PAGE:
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  • Does the revenue generated by Measure P stay in Victorville?
  • How is Measure P tax paid?
  • Is there fiscal accountability in Measure P?
  • What is Measure P?
  • What items are taxed by Measure P?
  • What other public safety measures are included in Measure P?
  • When did Measure P go into effect?
  • Where does Victorville's sales tax go?
  • Who decides how the revenue from Measure P is allocated?
  • Why a sales tax not a property or parcel tax?
  • Why did the City Council place Measure P on the ballot?
  • Will there be taxpayer oversight?
More FAQs

Measure P

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 (Updated:  Feb. 5 at 3:30 p.m.)

Measure P Graphic

Measure P is a general sales tax measure approved by the Victorville voters during the November 3, 2020 election. This one-cent sales tax took effect on April 1, 2021 increasing Victorville’s sales tax rate from 7.75 percent to 8.75 percent.

Measure P is a local sales tax, so 100 percent of the revenue generated by this measure will go to the City of Victorville. Annual revenue generated by Measure P is projected to be $18.94 million for Fiscal Year 2021-22.

The Victorville City Council placed Measure P on the November 3, 2020 ballot to give Victorville voters the choice to enact this measure that will enable the City to expand essential services and increase safety for Victorville’s growing population.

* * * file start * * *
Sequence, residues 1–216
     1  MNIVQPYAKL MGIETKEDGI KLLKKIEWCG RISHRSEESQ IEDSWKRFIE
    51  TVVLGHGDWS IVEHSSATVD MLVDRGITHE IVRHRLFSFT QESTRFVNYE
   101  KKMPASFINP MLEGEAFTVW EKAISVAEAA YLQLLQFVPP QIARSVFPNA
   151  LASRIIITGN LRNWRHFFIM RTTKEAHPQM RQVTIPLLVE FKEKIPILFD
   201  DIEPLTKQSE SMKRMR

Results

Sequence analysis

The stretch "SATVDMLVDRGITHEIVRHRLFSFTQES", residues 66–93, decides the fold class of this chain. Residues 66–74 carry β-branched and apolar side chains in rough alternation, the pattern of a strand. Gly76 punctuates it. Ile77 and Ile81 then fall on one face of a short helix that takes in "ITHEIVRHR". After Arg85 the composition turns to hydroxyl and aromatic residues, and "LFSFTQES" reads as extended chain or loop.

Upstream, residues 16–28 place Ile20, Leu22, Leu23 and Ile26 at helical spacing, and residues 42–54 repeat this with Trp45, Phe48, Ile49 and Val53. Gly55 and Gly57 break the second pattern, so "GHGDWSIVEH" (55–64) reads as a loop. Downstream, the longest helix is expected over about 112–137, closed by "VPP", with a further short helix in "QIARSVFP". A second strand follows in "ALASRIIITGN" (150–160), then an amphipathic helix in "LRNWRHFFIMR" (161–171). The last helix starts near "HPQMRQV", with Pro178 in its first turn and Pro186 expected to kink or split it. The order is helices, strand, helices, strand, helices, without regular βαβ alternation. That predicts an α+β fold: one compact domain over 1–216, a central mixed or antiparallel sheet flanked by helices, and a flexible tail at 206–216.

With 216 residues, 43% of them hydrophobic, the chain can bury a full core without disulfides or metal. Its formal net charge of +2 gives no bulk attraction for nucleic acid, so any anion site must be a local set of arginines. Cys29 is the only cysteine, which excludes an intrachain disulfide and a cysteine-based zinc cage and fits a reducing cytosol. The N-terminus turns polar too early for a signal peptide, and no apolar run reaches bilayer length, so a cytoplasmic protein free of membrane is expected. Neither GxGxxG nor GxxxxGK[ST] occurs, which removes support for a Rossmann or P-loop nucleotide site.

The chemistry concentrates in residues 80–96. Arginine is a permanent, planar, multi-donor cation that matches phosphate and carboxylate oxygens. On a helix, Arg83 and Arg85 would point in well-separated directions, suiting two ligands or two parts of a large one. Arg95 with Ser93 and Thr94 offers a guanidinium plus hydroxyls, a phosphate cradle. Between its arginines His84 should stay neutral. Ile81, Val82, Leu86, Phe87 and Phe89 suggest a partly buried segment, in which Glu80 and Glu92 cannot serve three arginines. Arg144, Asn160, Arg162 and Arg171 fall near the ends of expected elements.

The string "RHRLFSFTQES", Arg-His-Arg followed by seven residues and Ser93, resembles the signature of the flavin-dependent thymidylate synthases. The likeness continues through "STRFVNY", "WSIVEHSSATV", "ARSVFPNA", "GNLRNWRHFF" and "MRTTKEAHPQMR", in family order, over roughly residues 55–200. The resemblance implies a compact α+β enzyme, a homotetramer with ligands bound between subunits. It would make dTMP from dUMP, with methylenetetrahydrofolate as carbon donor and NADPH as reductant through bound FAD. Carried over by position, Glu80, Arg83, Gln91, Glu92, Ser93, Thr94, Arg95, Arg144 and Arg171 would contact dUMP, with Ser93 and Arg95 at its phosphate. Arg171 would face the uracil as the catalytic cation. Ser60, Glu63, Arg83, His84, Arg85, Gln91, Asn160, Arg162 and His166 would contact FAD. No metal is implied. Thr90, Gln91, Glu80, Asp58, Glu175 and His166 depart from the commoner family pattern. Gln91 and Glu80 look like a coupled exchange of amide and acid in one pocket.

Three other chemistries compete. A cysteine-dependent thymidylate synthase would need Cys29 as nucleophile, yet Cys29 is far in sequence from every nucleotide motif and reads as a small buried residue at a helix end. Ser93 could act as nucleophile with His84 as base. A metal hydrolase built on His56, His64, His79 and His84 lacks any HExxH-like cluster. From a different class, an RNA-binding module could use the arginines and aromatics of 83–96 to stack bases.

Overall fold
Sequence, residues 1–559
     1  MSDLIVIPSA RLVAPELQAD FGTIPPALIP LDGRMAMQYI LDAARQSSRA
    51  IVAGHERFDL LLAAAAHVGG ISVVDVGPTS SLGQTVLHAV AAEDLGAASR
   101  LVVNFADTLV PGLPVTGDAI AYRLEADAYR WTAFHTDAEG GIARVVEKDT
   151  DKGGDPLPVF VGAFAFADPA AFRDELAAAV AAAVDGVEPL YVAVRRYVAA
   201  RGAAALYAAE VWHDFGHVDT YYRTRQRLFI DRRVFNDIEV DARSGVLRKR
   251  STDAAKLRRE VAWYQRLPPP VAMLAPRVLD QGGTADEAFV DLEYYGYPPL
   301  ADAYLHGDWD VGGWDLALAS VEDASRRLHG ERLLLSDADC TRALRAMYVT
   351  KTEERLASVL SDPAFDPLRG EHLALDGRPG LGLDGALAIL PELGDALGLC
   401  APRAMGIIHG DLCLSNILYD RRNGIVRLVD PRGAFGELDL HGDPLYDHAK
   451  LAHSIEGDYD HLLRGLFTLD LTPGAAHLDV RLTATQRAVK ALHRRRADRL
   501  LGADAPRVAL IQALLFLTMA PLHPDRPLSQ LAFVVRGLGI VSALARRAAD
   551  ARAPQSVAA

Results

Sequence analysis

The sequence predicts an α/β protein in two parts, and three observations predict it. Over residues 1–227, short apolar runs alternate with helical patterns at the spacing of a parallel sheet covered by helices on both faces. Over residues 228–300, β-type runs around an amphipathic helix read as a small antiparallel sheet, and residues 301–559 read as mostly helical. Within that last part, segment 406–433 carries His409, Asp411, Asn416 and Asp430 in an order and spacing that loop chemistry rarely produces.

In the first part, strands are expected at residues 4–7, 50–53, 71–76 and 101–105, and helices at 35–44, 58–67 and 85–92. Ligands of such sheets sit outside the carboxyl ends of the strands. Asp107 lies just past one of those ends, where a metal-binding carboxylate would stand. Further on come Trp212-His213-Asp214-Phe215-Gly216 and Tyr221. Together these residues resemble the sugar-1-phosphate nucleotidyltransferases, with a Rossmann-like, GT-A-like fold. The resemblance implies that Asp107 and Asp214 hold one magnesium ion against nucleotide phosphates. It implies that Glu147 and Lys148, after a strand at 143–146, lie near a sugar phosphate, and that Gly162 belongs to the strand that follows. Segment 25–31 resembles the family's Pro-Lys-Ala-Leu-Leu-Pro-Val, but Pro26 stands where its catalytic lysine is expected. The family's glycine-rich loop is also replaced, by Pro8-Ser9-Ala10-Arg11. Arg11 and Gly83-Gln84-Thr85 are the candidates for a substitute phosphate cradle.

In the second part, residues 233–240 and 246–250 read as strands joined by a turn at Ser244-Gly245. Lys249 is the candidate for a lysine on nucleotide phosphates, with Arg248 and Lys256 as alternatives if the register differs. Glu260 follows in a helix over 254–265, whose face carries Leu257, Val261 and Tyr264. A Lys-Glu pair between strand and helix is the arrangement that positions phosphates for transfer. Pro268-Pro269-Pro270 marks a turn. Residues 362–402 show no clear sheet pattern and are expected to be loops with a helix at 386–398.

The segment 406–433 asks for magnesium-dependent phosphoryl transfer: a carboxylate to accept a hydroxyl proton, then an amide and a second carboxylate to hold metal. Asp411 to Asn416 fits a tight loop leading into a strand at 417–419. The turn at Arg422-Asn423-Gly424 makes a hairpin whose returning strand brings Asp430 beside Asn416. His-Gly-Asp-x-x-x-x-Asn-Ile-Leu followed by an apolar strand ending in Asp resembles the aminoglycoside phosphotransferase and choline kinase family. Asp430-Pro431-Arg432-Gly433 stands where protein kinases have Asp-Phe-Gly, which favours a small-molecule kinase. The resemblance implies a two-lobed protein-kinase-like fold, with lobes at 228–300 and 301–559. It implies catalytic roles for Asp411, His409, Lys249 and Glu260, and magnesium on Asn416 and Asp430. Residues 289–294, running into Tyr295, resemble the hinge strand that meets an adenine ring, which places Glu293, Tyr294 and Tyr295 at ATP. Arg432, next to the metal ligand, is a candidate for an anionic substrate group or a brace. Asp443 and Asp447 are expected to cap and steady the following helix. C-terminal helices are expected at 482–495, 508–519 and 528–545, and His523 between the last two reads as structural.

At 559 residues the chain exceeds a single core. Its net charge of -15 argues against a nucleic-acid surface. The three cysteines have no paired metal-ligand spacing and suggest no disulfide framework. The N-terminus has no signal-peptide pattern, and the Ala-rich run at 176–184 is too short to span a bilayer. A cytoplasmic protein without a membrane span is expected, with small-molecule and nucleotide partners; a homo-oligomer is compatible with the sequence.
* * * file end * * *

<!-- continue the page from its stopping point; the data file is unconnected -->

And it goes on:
Revenue generated by this general tax measure will enable the City to:

  • Add 30 police personnel to increase neighborhood and community patrols, crime suppression, investigation and traffic enforcementPolice Cruiser
  • Speed response times
  • Open Fire Station 315 and add fire personnel to improve our medical and fire response
  • Invest in resources needed to reduce homelessness
  • Expand code enforcement services to reduce blight, illegal dumping and other nuisances
  • Expand library and literacy programs


Paramedics Leaving Station 311Revenue generated by Measure P will be used to implement our Victorville Public Safety Plan approved in May 2020 to increase safety, and expand essential services needed to improve quality of life for our community. 

Illegal Dump Site

Measure P will require non-resident visitors to share costs, enhance and increase public safety and improve quality of life in Victorville.


Graffiti RemovalTaxpayer investment in Measure P will be protected by a Citizen's Oversight Committee that will ensure that revenue generated by this measure is used for its legal purpose, and Sacramento won't be able to seize our local dollars for state projects.


While Victorville's population has jumped 96% over the past 20 years, the City's police staffing has risen only 1.6%.  Since 2008, police total call volume is up 11% or by 14,000.  Police response to non-emergency 911 calls can take one and a half hours.  Since 2011, fire and medical calls for service have increased by 49%.

Picture of Trend Data

Measure P will put more police into our neighborhoods, with an emphasis on community-based policing. Measure P will ensure an “Eight Beat Patrol System,” breaking Victorville into small “beats,” with smaller areas to patrol. Police will get to know the neighborhoods, establish better relationships with residents and improve community policing with the end result of greater crime prevention.   Citizen on Patrol Vehicles at National Night Out Event

Measure P will reduce gang-activity and related crimes and strengthen neighborhood police patrols, crime prevention and investigations.  

Measure P will allow the City to address our homeless problem and the trespassing and illegal encampments that they bring.

Measure P will allow us to keep our parks and recreation facilities safe, well-maintained and graffiti free.

Measure P will enable the City to expand library and literacy programs for the benefit of our community.